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American missile strikes on Houthi forces in the Red Sea underscore the Navy's critical role in protecting one of the world's busiest trade routes. 

With persistent aggression from Iran and its proxies, maintaining a naval presence in the Arabian Peninsula remains essential, despite the primary focus on countering China in the Indo-Pacific and deterring Russia. Deploying vessels to the Red Sea is resource-intensive and time-consuming, with a carrier from San Diego taking about 20 days to reach the region. This limits U.S. naval capabilities in the western Pacific, critical if China invades Taiwan.

Access to the Suez Canal, essential for East Coast vessels, is not guaranteed due to Egypt's economic instability and increasing reliance on Russian military support and Chinese investment. This geopolitical vulnerability necessitates a backup plan for U.S. Navy deployments eastward.

A permanent U.S. naval presence in the Red Sea region, potentially within the Fifth Fleet's area of responsibility, could mitigate these challenges. This requires identifying a host country. The U.A.E., with major ports and political alignment with U.S. interests, faces security concerns due to its ties with China. Oman offers strategic proximity to the Iranian coast and Red Sea, though its balanced relations with Iran and the U.S. may complicate basing agreements. Kenya, while supportive of U.S. interests and beneficial for Red Sea operations, is geographically less strategic for Persian Gulf deterrence. India, a key defense partner, presents an opportunity for enhanced cooperation against China and Iran but risks complicating its relations with Russia and China.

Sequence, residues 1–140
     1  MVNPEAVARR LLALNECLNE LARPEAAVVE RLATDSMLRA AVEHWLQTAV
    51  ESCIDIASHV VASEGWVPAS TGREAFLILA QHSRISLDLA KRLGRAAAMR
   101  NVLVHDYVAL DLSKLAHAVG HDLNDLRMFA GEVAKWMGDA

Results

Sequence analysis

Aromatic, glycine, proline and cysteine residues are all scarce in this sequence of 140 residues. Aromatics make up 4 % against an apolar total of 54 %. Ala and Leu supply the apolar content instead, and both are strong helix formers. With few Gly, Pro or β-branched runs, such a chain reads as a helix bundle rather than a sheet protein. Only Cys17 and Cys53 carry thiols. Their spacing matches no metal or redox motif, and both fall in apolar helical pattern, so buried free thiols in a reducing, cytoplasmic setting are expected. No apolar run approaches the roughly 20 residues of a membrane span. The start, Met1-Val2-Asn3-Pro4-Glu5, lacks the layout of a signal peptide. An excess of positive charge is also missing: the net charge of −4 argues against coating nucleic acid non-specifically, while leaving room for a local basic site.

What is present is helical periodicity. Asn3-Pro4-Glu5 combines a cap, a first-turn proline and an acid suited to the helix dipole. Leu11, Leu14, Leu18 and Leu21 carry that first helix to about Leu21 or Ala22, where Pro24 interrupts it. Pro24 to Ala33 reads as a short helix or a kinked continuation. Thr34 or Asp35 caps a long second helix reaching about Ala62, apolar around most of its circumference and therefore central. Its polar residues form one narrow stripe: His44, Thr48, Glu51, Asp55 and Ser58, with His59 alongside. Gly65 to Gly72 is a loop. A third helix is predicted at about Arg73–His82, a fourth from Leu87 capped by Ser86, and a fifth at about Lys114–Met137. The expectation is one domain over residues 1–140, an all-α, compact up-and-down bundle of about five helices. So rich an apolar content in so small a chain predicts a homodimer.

A model for this approach is the decade-long deployment of U.S. destroyers to Naval Station Rota, Spain, enhancing NATO defense and regional contingency operations. A similar deployment east of Suez would signal U.S. commitment to safeguarding global trade and countering Iranian threats, complementing Air Force tactical squadrons in the Middle East as suggested by defense expert Michael O’Hanlon.

Ultimately, unconventional basing strategies are needed to address asymmetrical threats like the Houthis while maintaining focus on the Indo-Pacific. The U.S. must balance immediate regional security needs with broader strategic objectives, ensuring robust maritime security across multiple theaters. 


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Source: CIMSEC